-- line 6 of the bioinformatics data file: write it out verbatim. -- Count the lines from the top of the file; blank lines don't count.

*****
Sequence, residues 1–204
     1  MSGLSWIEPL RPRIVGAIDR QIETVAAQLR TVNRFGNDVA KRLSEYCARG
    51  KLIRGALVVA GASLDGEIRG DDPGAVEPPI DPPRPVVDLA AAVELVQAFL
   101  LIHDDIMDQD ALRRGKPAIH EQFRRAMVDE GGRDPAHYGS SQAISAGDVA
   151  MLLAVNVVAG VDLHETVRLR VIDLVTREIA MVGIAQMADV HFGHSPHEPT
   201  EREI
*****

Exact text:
   201  EREI